LBB> You’re now living in London. What are some of the biggest differences between the two places and what do you miss about SA?

Nick & Nadja> We love the vibrancy of London. And how we get to meet people from all over the world and  plug into a global culture. 


Of course we miss the South African energy - optimistic, on the edge, pioneering, and just getting on with it. We miss our friends and family. We miss the bushveld. And we miss not having to wear puffer jackets everywhere we go. 

 LBB> Was creativity always a part of your life?

Nadja> My parents are both artists so I grew up surrounded by art and, importantly, grew up with art as a way of life and a career.


Nick> While my parents weren’t creatives, they taught us to question everything and surrounded us with books, which is the foundation of a creative way of thinking and being.

LBB> When did you realise that advertising was the right career path for you?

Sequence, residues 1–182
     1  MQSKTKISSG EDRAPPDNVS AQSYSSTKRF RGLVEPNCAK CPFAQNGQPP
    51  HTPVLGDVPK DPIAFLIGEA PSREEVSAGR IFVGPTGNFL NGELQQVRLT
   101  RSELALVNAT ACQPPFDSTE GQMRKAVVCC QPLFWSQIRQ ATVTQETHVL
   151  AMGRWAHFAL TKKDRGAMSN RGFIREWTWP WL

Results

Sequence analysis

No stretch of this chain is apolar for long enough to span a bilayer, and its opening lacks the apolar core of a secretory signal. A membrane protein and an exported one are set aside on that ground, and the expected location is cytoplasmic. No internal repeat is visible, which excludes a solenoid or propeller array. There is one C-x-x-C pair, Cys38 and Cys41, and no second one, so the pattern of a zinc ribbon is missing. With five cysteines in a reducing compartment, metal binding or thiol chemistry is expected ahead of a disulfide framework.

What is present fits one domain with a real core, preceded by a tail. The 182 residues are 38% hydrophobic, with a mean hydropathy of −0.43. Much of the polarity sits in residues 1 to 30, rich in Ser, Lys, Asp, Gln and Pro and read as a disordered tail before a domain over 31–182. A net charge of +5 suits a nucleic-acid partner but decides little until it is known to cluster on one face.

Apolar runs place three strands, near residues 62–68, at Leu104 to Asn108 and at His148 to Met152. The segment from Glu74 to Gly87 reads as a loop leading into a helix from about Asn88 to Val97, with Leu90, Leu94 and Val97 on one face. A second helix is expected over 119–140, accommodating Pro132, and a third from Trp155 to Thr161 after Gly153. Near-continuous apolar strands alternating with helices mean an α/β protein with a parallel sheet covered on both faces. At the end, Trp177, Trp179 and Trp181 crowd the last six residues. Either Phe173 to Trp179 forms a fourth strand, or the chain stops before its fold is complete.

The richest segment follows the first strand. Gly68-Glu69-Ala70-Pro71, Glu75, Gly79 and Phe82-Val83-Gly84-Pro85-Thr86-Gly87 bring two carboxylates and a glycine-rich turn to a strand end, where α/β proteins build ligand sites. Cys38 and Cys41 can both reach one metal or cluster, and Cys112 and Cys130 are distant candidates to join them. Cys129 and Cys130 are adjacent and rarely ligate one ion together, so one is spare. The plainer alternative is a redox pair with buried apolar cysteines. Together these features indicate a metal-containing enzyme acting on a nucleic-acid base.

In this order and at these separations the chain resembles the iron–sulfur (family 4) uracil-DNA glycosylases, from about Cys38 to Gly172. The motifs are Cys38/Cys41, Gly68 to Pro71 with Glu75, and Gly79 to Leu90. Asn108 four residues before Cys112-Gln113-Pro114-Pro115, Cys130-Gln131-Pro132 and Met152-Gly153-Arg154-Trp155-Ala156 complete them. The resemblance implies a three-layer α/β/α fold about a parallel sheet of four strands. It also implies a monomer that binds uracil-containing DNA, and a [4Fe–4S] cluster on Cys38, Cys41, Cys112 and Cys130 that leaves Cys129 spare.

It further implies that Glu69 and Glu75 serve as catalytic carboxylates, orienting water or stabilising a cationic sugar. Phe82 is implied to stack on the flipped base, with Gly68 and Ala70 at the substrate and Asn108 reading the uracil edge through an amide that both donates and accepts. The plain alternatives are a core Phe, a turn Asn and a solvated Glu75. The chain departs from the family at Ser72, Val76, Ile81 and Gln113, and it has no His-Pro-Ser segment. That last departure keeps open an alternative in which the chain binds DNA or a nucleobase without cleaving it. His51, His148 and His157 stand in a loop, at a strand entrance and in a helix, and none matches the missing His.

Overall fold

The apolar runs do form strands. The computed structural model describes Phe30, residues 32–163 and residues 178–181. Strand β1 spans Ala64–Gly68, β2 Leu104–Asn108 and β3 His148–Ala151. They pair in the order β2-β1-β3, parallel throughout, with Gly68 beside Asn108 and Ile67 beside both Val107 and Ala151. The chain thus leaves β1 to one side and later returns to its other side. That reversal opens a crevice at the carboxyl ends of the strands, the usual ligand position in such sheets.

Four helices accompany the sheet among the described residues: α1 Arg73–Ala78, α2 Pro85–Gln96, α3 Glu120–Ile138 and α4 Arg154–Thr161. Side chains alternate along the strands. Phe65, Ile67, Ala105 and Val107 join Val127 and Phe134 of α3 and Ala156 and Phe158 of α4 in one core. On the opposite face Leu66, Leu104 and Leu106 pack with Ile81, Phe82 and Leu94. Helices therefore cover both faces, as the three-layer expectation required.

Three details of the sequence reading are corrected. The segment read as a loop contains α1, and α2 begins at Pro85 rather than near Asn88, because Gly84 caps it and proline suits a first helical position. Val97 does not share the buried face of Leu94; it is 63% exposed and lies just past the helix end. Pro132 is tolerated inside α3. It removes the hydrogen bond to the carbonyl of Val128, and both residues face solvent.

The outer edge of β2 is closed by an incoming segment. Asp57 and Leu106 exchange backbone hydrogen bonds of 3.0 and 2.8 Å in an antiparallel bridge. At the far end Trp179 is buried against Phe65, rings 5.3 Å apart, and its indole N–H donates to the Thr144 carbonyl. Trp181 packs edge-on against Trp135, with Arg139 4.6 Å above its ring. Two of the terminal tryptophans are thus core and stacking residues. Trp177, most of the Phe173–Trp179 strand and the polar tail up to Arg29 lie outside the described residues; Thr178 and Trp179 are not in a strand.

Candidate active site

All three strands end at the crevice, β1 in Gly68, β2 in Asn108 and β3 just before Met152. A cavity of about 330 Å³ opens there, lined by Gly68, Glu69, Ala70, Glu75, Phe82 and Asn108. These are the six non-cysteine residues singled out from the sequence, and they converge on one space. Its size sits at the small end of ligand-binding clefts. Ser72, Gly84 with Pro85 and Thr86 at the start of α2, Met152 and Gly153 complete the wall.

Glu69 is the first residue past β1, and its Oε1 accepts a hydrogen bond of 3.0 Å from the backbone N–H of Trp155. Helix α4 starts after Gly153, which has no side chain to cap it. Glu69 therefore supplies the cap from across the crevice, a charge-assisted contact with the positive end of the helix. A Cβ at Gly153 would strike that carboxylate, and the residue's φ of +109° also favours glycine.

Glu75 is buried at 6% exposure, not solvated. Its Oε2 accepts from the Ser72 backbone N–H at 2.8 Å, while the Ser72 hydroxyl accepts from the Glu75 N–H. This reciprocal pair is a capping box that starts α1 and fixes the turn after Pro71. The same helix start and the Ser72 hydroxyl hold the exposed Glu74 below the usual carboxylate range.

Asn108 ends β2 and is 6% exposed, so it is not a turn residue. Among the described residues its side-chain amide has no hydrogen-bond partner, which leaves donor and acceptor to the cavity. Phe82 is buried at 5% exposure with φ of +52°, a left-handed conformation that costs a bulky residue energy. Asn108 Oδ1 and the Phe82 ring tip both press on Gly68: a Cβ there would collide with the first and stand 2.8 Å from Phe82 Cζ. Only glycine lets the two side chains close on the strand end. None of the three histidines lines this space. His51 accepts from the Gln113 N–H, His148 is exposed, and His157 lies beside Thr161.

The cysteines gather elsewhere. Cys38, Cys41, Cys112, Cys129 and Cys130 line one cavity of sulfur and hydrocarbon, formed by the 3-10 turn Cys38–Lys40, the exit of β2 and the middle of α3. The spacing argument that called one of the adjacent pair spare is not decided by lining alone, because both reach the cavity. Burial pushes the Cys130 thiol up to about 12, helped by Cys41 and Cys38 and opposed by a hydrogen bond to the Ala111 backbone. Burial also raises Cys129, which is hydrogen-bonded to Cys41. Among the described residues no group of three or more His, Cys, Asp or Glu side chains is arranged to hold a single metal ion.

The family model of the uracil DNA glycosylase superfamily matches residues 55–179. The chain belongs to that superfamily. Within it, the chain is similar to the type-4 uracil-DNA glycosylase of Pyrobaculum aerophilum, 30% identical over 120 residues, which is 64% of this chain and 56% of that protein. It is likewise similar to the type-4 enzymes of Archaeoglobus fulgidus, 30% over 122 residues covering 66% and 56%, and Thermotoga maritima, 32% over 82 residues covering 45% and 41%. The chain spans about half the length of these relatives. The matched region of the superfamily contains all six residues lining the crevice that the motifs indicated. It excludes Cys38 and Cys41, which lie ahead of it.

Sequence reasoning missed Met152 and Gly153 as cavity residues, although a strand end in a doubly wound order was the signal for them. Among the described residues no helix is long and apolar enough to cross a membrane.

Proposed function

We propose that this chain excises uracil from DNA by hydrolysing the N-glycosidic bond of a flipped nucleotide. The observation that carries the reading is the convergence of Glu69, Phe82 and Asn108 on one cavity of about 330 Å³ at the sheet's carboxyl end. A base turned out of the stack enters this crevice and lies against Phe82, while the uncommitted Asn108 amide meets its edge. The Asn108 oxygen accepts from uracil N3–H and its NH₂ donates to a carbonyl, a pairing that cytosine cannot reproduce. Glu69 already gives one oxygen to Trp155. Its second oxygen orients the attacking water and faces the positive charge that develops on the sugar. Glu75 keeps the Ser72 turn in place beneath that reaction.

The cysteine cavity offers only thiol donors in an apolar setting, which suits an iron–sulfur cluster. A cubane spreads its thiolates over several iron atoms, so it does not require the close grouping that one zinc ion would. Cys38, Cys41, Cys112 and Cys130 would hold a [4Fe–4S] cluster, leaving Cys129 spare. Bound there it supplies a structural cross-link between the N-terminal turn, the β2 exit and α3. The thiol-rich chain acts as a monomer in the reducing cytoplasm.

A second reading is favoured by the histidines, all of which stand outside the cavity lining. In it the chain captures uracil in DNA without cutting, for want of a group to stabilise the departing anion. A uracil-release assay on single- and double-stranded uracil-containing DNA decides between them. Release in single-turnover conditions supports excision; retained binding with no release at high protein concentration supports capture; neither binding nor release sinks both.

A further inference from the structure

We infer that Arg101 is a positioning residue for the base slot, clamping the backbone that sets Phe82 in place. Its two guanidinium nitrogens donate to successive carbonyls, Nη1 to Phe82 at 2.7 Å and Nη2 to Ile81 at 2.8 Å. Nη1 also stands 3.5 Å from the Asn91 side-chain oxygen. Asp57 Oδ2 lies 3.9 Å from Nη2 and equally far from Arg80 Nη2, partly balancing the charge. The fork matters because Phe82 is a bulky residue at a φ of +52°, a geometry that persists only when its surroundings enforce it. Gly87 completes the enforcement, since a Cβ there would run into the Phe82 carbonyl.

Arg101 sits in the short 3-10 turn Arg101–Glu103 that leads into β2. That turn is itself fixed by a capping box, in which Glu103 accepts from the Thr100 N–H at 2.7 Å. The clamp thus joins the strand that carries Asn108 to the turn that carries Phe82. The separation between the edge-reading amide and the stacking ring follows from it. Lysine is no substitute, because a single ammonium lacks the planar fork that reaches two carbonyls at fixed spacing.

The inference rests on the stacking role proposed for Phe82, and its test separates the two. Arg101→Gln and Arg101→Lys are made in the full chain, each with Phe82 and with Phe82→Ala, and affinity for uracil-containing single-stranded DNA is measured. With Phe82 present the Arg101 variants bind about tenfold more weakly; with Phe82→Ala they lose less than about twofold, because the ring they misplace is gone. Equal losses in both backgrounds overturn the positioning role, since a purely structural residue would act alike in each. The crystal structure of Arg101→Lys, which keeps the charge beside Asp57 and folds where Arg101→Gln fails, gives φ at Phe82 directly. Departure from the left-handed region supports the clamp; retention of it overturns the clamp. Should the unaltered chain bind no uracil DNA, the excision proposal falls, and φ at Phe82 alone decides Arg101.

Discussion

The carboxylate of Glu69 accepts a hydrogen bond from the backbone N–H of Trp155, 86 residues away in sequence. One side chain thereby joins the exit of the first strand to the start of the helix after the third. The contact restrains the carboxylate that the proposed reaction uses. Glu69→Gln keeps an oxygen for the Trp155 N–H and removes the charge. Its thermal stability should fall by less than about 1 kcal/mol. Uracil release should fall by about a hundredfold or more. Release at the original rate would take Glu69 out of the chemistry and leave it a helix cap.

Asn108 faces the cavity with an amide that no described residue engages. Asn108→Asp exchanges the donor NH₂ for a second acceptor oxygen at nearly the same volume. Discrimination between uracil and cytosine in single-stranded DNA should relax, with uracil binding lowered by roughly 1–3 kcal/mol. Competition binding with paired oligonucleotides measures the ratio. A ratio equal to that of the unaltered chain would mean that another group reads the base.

Nick> I always knew I wanted to be a writer of some description. I studied journalism, worked briefly as a journalist and then I heard about a copywriting course in Cape Town at the AAA School of Advertising. I took their copy test and it felt instantly like this would be a fun and creative way to earn a living.


Nadja> My parents are both artists, so a creative career was pretty much set in stone for me. And something I always wanted to pursue.

LBB> In your view, which South African brands are currently getting it right when it comes to their creative and why? And is there anything which the EU market can learn from their success?

Nick & Nadja> We both loved the Johannesburg Ballet series of ads that crafted balletic interpretations of trending news topics. The work was beautiful and felt unique. Nando’s is also a brand that continues to be relevant and never afraid to participate in the shared reality of daily South African life with humour and bravery.

LBB> Are there any common misconceptions about the market in South Africa?